Gold held up better than stocks, with the GLD down 1.1% on Friday, while the Dow lost 1.5% and Nasdaq tumbled 2.2%, dragged down by Google, and new weakness in Apple. Gold has experienced a remarkable bull market run from $250 an ounce in 2001 to $1,900 an ounce last summer, has not had an easy time of it since.
Three times it has plunged as much as 19%, and rallied back, only to run into resistance each time at $1,800. It is potentially doing so again.
That’s probably puzzling investors who have been seeing so many big-name analysts and fund-managers become very bullish for gold, with reasoning that seems sound.
The latest Reuters poll shows precious metals analysts have become more bullish for gold and silver than they have been in several months.
Even technical analysis was backing the bullish outlook. My technical indicators triggered a sell signal on February 19, almost exactly at that peak, but had me and my subscribers back on a buy signal in mid-August and back into a 20% position in the gold etf GLD.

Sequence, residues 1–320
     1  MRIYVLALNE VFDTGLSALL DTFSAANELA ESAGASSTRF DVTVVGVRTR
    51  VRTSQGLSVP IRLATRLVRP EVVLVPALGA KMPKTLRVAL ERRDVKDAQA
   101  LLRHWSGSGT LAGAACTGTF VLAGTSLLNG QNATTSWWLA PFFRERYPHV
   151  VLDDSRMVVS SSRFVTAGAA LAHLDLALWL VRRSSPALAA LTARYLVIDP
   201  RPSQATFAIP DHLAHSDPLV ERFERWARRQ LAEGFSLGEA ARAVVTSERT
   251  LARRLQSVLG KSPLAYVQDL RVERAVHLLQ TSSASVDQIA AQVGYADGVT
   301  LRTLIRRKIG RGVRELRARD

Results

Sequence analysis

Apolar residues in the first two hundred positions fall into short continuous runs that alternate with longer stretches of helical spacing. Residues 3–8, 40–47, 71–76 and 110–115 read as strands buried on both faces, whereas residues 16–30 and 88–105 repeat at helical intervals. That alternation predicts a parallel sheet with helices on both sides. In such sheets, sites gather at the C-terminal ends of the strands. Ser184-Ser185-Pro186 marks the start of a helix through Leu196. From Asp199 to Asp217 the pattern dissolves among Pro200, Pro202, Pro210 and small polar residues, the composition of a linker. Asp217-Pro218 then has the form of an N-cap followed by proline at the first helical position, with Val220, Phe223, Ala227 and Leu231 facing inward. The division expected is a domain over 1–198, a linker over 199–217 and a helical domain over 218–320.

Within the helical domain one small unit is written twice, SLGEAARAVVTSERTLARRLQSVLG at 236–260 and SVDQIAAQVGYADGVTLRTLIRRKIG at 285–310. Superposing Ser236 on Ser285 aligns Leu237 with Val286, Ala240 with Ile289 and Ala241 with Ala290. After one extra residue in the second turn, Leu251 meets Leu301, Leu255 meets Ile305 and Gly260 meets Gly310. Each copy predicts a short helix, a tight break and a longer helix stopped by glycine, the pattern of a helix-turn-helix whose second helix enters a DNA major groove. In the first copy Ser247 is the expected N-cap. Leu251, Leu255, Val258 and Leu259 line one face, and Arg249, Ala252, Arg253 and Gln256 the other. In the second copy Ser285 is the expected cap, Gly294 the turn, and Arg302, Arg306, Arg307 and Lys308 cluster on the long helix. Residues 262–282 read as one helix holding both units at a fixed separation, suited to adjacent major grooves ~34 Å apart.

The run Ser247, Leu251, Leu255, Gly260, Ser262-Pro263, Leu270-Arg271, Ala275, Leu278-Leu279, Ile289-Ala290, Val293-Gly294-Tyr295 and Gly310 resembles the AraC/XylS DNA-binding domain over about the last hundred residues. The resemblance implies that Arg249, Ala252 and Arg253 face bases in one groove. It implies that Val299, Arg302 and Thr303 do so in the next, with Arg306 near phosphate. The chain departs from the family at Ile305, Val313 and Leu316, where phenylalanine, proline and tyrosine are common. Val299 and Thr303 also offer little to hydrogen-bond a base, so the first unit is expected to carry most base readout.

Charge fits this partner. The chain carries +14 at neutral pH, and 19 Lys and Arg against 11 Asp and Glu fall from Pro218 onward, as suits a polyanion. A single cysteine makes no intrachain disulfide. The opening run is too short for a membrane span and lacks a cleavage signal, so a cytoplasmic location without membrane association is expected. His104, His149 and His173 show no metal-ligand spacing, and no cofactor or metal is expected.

The case for gold, at least from the fundamental side, still sounds bullish.
As Ray Dalio, chief investment officer at Bridgewater Associates, the world’s largest macro hedge fund recently told CNBC viewers, “We have a situation where there is too much debt, which leads to central banks printing money, which is bullish for gold.”
Other analysts add that fears of the looming ‘fiscal cliff’ in the U.S., and possibility that rating agencies will downgrade the credit rating of the U.S. again, are positives for gold over the next several months.
There is also the expectation that the Fed’s latest QE3 program will be inflationary, and gold is the traditional hedge against inflation.